For all your encouragement and cooperation
Words of thanks are not enough to express my gratitude”
My more literal translation before seeing the official one:
for supporting me
I have only appreciation
for your encouragement
Isn’t it just horribly lame, like the kind of thing you write in the high school yearbook of someone that you had a lot of classes with but aren’t actually close enough with to bother actually keep in touch?
Got this in my inbox today. It pretty much describes the situation on the ground… which is to say that nothing much has changed since before the coup except some businesses were closed yesterday and the rest of the world seems completely shocked:
PUBLIC ANNOUNCEMENT – THAILAND
1. This Public Announcement is being issued to alert U.S. Citizens traveling to and residing in Thailand to the recent military coup in Thailand. This Public Announcement expires December 19.
2. On September 19 a military group calling itself the Council for Democratic Reform Under the Constitutional Monarchy (CDRM) seized control of the Thai government and declared martial law. The CDRM banned any political gathering of more than five persons. The CDRM also banned the hoarding of goods or the increasing of the price of goods of any kind. The CDRM announced it will appoint a civilian government within two weeks as the first step to returning the country to democratic government.
3. The military deployed troops around key government facilities and other strategic locations, but there is little visible military presence elsewhere. There have been no indications or reports of any violence at this time.
4. Road traffic throughout the country continues to flow normally, although at reduced volumes. Public transportation is in service and all airports and most border crossings appear to be operating as normal. There have been reports of difficulty crossing the border with Burma at Mae Sot and Ranong. Americans who are scheduled to fly into or out of Thailand in the coming days are encouraged to contact their airline to ensure that the flight schedule has not been changed.
5. Given the fluidity of the current situation, the Department of State advises all American Citizens in Thailand to continue to monitor events closely, to avoid government installations and any large public gatherings and to exercise discretion when moving about.
And so on. Meanwhile, the Washington Post has managed to make the situation in Thailand somehow all about the United States:
Ideals and Realities Clash In Bush ‘Freedom Agenda’
At the United Nations lectern this week, President Bush hailed the spread of democracy. “From Beirut to Baghdad,” he said, “people are making the choice for freedom.” Yet even as he spoke, tanks were rolling through the streets of Bangkok as a military coup toppled the elected leader of Thailand, who at that moment was in New York for the U.N. session.
Should the president be held accountable if General Sonthi decides to overthrow the government? No kind of pressure or engagement by the US would have made any difference.
Oddly enough, Thaksin was seen by a lot of people as enough of a tyrant to warrant a coup, as a more sensible WP article illustrates:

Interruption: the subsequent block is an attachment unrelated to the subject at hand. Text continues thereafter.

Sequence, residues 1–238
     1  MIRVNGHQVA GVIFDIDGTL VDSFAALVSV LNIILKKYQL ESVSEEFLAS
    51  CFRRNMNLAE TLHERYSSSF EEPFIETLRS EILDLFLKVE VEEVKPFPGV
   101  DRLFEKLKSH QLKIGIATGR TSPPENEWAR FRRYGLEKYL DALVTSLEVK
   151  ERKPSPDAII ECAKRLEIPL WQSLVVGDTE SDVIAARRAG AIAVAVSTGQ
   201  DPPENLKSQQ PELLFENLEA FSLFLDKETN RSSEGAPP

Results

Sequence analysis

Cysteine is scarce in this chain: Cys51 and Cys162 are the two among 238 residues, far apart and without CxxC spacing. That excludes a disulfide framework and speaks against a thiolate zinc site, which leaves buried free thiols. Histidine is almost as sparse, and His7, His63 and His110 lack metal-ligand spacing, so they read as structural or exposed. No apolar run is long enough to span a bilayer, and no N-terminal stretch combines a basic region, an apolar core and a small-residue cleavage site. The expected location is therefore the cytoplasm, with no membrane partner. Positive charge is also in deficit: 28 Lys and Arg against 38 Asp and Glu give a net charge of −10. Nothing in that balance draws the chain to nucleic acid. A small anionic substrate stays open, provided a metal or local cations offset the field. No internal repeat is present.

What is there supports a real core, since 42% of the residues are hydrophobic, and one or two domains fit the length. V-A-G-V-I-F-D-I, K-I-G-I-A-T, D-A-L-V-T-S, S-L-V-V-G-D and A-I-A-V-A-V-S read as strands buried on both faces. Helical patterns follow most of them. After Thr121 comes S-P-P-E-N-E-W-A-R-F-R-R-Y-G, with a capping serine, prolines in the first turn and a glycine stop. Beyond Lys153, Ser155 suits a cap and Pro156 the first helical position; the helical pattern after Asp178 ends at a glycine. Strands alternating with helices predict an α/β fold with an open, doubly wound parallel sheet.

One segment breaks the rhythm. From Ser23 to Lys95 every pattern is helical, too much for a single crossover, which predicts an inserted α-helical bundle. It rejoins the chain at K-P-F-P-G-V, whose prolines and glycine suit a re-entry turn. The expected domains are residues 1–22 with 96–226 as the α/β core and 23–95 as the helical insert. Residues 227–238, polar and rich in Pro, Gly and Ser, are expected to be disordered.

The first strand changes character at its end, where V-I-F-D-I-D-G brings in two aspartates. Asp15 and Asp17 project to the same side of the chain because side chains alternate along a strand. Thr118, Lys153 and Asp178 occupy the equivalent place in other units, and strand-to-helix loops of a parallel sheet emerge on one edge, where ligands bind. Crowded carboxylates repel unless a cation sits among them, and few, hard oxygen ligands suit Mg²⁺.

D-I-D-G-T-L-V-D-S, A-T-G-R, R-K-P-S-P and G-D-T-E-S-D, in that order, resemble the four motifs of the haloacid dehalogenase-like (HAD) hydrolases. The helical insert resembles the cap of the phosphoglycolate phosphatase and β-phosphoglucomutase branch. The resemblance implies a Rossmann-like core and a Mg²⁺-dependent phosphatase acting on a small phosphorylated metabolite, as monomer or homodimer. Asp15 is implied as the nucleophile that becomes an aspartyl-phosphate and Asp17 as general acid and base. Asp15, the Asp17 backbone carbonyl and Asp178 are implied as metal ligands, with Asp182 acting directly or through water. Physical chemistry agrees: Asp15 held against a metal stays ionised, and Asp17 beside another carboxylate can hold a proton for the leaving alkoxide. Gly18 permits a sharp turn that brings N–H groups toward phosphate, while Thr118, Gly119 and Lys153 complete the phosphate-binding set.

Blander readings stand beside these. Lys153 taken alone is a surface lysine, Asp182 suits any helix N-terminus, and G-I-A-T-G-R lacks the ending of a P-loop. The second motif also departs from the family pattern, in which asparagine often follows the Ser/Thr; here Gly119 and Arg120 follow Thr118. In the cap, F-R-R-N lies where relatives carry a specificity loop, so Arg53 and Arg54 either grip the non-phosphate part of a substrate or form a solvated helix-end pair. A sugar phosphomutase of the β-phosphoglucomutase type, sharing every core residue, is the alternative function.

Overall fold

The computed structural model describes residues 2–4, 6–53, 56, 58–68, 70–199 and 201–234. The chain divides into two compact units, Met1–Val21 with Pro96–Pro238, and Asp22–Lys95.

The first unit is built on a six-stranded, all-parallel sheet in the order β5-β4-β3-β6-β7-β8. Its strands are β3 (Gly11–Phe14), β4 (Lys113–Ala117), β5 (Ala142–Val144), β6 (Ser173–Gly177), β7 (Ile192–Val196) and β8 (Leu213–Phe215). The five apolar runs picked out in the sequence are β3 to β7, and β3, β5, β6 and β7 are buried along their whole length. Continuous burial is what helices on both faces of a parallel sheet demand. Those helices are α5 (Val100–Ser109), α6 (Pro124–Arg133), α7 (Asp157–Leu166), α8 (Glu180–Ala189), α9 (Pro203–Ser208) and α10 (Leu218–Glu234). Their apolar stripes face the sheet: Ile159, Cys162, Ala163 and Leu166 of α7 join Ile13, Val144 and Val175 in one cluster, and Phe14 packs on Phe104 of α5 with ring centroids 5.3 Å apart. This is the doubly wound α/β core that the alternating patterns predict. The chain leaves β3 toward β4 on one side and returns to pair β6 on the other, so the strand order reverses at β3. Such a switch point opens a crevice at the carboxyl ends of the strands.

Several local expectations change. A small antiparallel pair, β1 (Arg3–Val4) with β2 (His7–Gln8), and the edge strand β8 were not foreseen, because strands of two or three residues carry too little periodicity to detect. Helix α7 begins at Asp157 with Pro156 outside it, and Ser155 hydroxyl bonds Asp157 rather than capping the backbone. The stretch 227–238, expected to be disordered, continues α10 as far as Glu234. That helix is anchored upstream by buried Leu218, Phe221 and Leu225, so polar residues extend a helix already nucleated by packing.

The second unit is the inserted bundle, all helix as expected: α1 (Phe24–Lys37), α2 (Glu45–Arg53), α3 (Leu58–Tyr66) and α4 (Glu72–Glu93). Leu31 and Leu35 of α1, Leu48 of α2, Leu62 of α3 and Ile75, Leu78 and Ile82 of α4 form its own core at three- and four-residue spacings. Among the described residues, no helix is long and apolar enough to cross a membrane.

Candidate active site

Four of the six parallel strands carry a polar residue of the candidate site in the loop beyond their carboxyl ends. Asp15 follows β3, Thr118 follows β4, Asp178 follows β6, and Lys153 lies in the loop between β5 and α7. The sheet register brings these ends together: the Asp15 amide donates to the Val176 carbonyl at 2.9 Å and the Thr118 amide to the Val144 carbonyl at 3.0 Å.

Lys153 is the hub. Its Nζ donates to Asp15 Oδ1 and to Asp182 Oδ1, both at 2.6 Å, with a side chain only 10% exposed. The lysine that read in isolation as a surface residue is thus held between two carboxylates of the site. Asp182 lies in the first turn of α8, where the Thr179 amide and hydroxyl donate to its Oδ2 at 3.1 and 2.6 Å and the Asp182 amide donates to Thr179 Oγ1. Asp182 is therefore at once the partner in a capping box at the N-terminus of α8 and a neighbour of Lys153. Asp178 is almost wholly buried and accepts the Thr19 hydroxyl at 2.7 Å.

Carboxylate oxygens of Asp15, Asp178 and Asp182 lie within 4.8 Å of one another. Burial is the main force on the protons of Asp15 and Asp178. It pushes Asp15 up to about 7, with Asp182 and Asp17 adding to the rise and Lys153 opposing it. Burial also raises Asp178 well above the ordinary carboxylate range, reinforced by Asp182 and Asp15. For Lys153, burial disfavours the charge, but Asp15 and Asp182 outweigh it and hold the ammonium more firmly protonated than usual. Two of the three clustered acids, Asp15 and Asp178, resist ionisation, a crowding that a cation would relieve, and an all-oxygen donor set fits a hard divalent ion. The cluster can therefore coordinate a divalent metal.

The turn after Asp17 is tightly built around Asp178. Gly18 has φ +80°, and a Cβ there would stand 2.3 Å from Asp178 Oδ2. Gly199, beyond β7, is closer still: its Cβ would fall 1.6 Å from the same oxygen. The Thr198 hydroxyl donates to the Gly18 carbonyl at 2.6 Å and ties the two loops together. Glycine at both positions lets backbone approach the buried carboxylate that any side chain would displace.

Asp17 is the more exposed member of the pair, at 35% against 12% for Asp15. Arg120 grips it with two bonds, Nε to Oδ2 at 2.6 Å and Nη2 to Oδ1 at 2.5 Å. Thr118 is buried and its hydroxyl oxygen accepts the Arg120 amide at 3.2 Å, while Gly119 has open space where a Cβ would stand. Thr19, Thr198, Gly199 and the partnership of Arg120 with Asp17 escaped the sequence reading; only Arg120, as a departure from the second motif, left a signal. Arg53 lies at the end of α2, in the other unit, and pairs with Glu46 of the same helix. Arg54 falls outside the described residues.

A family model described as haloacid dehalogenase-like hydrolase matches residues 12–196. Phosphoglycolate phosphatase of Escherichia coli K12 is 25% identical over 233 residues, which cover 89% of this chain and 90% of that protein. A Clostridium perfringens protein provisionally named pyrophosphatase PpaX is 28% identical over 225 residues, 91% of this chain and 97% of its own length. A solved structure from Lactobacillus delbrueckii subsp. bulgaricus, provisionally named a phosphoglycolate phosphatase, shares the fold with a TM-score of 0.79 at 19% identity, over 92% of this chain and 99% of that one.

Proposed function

“Democracy has won!” said an ecstatic Orathai Dechodomphan, 59, a tailor and Thaksin opponent who joined hundreds of people handing out roses to soldiers near the army headquarters. “Thaksin tried to steal power and did not respect our king. He never would have left on his own. What happened yesterday is our first step toward recovering a real democracy.”
King Bhumibol Adulyadej, who was seen by many here as having effectively allowed Thaksin’s removal, endorsed Sonthi, appointing him the official head of a new governing council charged with creating “peace in the country,” according to an announcement televised nationally.
Sonthi is close to the king, and there had been speculation that the monarch played a role in the coup. Sonthi dismissed those suggestions Wednesday, telling reporters: “I am the one who decided to stage the coup. No one supported me.”
It was an odd situation. The Prime Minister refused to step down in the face of massive “people power” protests that attempted to exert pressure on him outside the electoral system. They claimed that he had basically bought support among rural districts, making it impossible to simply vote him out. And when the king specifically told Thaksin to step down, he said he would only to reemerge as a “caretaker” prime minister between elections.
In such a quagmire, I can understand the Thai people’s relief to see a military that is seen as respecting the king put the conflict down without bloodshed. But Thai people can’t rely on benificent rulers forever. The king is old and his successor might not be as skilled at negotiating compromises that keep the country running smoothly, and there’s no guarantee that a future military coup will be so keen to talk the talk about democracy.
The Nation, an English-language Thai newspaper, stresses the cost of this coup:
Military intervention in a democratic system is always a “bad habit” that may stick if we once again allow ourselves the illusion that this will be the last time this dose of strong medicine is required to cure a serious disease.
Even if the first declaration from coup leaders sounded uncharacteristically apologetic (“Forgive us for the inconvenience caused”), once a political precedent of such proportion is set, it invariably stays. True democracy means never allowing coup leaders the excuse to stage their next exercise, even if they say they are sorry for their previous one.
In other words, if we can’t devise an effective system to get rid of a despot through constitutional means, that means we haven’t really graduated beyond the basics of democracy.
To end on a lighter note, there’s a Sgt. in the Army who has admitted involvement in the possibly staged assassination attempt on Thaksin about a month ago. How he can wear a knitted hat in freaking Thailand I don’t know, but he looks good in it nonetheless: